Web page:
And when James Brown started getting bigger and bigger, and more people were coming to see him from everywhere, so they took it down to the Armory. I asked my mother a month in advance could I go see James Brown. She said no. Well “No” always meant “Yes” to me. I was like that then, and I’m like that now. I started getting my little clothes together. You had to have the new outfit. And it has to match. It was me and five more girls; we were all going to dress alike. I think it was black and white saddle shoes, socks that matched, black skirts…
Rosie: I start buying my little stuff and leaving it at their house. And the night James Brown comes I see my brothers getting ready. It was alright for them to go. I said umm-humm, when they go to bed I’ll sneak out and get dressed, so I snuck out, got dressed and went on down to James Brown. I did not care when I got home if I got beat, scorned or whatever. I was going! And my brothers came up to me and said, “what are you doing here? Mom is looking for you!” but I said to myself, I’m not going home ‘till the last dance! It was a great time.
Sylvia: I can remember when I was part of a local band. Charlie’d had his forty-some anniversary. Our band was Black Soul, and the girl singers were called the Blackettes. He had a great big table for his family and his brother came down from Jersey. And it was so special we went out and bought those green gowns with the back cut out. We sang our hearts out because we knew we were part of something special.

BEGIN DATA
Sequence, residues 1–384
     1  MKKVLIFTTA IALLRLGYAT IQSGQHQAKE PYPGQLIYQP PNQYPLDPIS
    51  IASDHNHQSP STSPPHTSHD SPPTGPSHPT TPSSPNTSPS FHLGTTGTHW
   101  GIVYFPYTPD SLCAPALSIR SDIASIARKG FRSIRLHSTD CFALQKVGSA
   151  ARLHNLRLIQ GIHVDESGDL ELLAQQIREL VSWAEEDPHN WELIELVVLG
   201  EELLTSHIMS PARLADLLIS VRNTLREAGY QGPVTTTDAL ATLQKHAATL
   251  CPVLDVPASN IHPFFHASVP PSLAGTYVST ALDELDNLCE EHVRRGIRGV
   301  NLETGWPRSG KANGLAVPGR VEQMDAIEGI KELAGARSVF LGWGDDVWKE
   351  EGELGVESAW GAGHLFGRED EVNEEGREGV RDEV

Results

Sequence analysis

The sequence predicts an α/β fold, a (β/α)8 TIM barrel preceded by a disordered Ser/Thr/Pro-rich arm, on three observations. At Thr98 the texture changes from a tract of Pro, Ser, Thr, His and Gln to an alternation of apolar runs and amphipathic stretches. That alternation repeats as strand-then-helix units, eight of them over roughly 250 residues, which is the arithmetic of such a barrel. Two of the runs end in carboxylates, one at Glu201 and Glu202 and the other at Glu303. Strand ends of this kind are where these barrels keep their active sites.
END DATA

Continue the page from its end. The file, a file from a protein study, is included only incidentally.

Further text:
Rosie: I would base this on the Apollo… it was a culture center. It was entertainment: you saw dancing, and every once in a while the locals thought they should sing and they wanted to get up there and showcase themselves. No matter how it looked to some people, that was all we had. You have to sit back and embrace it today, ’cause there was a lot coming out of there in the form of art. I can remember those line dances.
Pearl: the Madison.
Rosie: yes, and those dance contests they had. There were guys coming from Annapolis. They were all tall men and they could step! That was the entertainment. They would push the chairs back and they would have a Chestertown group on the side, another group and maybe a Philadelphia group.
Sylvia: Back then it was hand dancing time. I remember seeing couples swinging across the floor.
Leslie: What were some of the other dances?
Rosie: There was one called Kill that Roach…
Pearl: (laughter). I don’t even remember that one.
On June 1st 1988, in the wake of a concerted palace police raid and drug bust, a bulldozer demolition wiped out the Uptown Club in a matter of an hour